Who’s Afraid of the RFP?

In truth? So many are afraid of the RFP. I get it! The RFP can be scary for a lot of reasons. The stress and pressure to deliver a winning response might feel like too much to handle. Maybe this RFP surprised you and you aren’t as prepared as you would like to be. Maybe you feel completely unprepared or unequal to the task. Or maybe you lost on the last bid. All of this and more amounts to more fear and panic when a new RFP drops.

But maybe, just maybe, it doesn’t have to be that bad.

What if I told you there are ways to ease the panic and strain of receiving the RFP? Or, what if I told you there’s some work you could do ahead of time to more easily resist the urge to run away? Is there such a thing? Yes! So, take a breath, and let’s talk about a few things that will ease the burden of receiving that RFP.

Get your capture processes in place. Pre-RFP planning is absolutely critical. Then, keep the momentum going after submitting an RFP response. You always have customer relationships to nurture, maintain, or renew. Get busy on that next big proposal before the RFP comes.

Engaging your proposal team early in the process also works wonders. Put the right team members in place, not just those who are available. If the opportunity is important, as it almost always is, then put the right people in the right role. This can be hard with small teams that have more to do than work on the proposal; but putting the right people in place early can help ensure a more promising result.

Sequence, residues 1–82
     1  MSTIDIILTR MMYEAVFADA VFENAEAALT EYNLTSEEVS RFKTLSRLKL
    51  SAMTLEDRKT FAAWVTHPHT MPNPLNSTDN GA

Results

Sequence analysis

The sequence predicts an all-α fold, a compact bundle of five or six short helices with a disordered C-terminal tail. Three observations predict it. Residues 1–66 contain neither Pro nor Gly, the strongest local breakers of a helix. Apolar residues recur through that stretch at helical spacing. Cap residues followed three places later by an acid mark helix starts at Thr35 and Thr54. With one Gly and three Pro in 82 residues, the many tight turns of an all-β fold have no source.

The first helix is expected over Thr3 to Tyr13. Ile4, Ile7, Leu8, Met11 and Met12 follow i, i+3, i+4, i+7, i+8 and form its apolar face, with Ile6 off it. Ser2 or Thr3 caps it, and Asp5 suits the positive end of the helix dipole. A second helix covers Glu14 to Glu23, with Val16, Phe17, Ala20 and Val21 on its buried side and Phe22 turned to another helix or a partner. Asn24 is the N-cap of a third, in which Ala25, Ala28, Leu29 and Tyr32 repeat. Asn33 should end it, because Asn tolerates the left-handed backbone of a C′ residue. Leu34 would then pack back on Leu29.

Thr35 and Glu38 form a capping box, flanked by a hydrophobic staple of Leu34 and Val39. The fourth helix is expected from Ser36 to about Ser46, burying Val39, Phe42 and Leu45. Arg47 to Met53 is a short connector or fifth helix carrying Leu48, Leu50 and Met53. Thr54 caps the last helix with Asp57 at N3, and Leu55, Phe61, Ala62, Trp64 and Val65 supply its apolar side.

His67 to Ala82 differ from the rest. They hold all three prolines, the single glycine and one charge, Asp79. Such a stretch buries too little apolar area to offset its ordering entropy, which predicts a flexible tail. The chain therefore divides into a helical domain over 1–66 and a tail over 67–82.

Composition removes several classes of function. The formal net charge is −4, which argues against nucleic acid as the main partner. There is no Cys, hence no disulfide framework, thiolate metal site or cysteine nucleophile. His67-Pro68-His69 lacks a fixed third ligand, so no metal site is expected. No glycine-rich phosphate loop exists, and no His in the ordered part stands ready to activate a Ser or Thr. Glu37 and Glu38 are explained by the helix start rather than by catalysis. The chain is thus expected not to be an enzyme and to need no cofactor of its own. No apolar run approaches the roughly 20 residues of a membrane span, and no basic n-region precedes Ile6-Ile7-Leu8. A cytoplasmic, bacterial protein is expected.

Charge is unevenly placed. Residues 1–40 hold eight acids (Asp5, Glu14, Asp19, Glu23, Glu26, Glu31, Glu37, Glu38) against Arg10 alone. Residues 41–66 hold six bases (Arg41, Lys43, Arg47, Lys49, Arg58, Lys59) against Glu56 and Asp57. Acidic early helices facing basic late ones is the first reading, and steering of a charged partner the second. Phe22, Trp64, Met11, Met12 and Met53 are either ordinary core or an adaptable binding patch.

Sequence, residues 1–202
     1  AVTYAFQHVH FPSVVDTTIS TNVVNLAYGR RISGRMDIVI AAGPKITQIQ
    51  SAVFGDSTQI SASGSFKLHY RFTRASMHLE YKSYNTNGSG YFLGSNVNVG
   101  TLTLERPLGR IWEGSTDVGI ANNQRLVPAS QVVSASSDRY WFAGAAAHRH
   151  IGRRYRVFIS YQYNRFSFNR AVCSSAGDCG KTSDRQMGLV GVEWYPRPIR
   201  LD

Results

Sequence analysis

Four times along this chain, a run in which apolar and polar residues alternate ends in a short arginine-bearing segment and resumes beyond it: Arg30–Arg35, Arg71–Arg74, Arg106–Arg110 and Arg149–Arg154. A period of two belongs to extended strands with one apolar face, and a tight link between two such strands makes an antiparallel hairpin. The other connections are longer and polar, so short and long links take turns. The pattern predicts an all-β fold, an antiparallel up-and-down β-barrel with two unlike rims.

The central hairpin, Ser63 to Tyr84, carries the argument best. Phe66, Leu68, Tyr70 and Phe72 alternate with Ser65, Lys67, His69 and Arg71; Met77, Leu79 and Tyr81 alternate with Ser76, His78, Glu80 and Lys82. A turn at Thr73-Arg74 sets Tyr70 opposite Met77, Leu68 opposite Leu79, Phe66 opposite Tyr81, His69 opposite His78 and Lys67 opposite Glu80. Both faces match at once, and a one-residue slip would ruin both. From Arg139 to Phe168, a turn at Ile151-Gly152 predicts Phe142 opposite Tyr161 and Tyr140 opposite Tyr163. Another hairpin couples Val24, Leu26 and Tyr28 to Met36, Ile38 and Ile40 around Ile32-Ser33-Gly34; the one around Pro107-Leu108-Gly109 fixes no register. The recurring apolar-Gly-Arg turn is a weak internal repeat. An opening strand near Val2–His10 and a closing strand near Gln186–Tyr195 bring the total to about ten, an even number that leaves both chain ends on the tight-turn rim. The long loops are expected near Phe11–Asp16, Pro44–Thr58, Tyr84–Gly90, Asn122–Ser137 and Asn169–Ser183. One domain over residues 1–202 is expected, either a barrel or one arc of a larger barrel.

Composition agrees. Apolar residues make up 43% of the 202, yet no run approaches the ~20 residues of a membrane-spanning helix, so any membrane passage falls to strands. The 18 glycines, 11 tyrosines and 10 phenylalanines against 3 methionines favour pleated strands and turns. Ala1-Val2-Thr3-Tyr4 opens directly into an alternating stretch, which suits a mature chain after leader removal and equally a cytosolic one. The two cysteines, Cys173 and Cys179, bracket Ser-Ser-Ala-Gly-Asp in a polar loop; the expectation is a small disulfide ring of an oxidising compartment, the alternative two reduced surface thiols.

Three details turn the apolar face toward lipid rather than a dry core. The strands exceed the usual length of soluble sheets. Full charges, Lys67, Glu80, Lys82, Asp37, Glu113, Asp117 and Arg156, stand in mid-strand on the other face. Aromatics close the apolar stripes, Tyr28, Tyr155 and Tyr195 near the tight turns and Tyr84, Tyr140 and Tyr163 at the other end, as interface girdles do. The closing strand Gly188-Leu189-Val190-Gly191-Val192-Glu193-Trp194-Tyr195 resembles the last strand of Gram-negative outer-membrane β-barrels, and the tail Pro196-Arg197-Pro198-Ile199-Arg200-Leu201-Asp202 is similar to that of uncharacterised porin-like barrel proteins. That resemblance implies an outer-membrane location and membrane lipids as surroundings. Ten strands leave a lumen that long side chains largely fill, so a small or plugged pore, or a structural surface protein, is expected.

Discipline yourself. Responding to RFPs requires diligence and is not for the faint of heart. Discipline means that you don’t procrastinate. I dare say that most of the panic you may feel when the RFP comes is because you procrastinated on these other steps. Nothing causes more worry and frustration at a submission deadline than procrastination. So, find that discipline and put those processes into practice.

Don’t be afraid to say, “no bid.” Not every opportunity is worth pursuing and that’s not a bad thing. I’m not saying you should give up when things get hard, but I am saying that sometimes you may be trying too hard to make something work. Be honest with yourself. If you don’t have the right resources, timing, or solution, then don’t be afraid to say “no.”

Use these few steps to help ease the panic and frustration of the RFP that’s coming. Don’t be afraid of the RFP. Look it in the eye, prepare, and win!

Want to know more about how to prepare for an RFP? Check out the Shipley’s webinar The RFP is coming!